SOLID Principle

Single Responsibility


  • S — Single responsibility principle
  • O — Open closed principle
  • L — Liskov substitution principle
  • I — Interface segregation principle
  • D — Dependency Inversion principle

Single responsibility principle – 
A class should have one and only one reason to change, meaning that a class should only have one job.

Open-closed Principle –
Objects or entities should be open for extension, but closed for modification. – implemented using abstraction. to add more code extend the class.

Liskov substitution principle – 
Let q(x) be a property provable about objects of x of type T. Then q(y) should be provable for objects y of type S where S is a subtype of T.

All this is stating is that every subclass/derived class should be substitutable for their base/parent class. In other words, as simple as that, a subclass should override the parent class methods in a way that does not break functionality from a client’s point of view. Subtypes must be substitutable for their base types.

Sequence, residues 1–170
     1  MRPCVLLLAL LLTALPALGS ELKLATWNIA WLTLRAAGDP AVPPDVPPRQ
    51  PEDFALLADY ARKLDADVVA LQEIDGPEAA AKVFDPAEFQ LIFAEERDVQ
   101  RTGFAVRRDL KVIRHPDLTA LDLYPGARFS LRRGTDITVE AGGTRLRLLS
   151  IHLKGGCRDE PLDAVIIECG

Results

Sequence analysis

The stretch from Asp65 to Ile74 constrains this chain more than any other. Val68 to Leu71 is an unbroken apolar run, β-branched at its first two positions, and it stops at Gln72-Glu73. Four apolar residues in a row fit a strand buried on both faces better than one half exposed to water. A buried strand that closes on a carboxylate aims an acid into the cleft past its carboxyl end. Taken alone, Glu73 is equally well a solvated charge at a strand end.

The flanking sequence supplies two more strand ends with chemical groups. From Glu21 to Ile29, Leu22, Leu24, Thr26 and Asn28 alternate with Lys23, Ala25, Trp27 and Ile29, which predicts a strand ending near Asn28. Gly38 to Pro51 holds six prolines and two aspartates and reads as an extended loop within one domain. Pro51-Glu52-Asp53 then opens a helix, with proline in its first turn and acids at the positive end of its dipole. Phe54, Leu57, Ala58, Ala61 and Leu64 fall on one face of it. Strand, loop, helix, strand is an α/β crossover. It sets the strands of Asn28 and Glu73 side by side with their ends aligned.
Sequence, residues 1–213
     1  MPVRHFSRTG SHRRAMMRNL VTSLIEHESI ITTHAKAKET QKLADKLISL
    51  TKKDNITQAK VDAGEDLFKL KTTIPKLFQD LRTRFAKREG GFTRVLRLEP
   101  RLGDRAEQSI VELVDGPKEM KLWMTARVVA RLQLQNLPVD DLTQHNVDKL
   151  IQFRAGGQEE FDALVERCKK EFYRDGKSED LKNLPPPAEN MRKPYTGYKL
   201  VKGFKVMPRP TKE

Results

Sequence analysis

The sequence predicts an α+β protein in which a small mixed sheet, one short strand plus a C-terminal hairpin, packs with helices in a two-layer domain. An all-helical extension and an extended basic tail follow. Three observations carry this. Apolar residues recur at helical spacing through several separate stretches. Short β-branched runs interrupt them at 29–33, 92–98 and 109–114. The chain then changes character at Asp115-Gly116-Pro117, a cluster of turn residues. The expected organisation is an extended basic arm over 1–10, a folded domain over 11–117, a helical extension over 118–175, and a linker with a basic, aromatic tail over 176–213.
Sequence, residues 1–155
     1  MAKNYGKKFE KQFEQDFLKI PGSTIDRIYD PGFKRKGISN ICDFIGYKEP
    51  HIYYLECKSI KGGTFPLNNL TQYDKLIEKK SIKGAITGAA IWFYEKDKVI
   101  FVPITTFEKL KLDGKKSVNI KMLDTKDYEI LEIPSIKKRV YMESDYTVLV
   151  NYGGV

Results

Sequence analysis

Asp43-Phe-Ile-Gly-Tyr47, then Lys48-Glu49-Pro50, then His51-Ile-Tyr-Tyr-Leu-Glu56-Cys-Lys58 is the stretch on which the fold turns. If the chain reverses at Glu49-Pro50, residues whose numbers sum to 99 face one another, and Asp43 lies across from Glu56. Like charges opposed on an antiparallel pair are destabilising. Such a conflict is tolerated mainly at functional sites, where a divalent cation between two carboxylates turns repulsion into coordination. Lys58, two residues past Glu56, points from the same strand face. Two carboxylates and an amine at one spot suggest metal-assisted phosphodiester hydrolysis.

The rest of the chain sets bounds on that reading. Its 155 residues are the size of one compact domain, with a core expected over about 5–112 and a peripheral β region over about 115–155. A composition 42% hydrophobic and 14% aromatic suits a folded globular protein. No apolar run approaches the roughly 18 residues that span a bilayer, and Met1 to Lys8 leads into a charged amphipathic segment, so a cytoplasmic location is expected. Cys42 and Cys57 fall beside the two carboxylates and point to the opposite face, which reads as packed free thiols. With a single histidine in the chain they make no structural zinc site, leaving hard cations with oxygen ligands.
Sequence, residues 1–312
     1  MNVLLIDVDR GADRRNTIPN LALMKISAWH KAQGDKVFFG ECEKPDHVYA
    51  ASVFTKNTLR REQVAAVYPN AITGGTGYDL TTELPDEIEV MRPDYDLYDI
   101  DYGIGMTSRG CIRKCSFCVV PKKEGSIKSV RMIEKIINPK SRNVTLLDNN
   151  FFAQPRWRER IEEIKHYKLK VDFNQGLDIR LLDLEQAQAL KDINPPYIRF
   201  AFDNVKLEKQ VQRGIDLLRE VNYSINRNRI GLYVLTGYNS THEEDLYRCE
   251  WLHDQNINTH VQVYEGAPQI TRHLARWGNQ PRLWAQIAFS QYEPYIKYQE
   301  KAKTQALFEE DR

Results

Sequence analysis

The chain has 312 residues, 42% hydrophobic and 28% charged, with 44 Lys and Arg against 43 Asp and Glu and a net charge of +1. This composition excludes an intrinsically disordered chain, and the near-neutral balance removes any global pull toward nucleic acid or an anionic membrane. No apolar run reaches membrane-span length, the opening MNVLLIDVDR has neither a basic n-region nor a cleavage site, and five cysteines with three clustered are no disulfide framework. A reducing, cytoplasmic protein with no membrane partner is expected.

If we follow Single responsibility principle then Liskov substitution principle will be implemented by default.

Interface segregation principle
It states that clients should not be forced to implement interfaces they don’t use. Instead of one fat interface many small interfaces are preferred based on groups of methods, each one serving one submodule.
Classes that implement interface should not be forced to implemented method that do not use. We should write new interface. Interface should be small and not fat.

D – Dependency Inversion 

Entities must depend on abstractions not on concretions. It states that the high level module must not depend on the low level module, but they should depend on abstractions.
Instead of depending on concrete class we should depend on interface.


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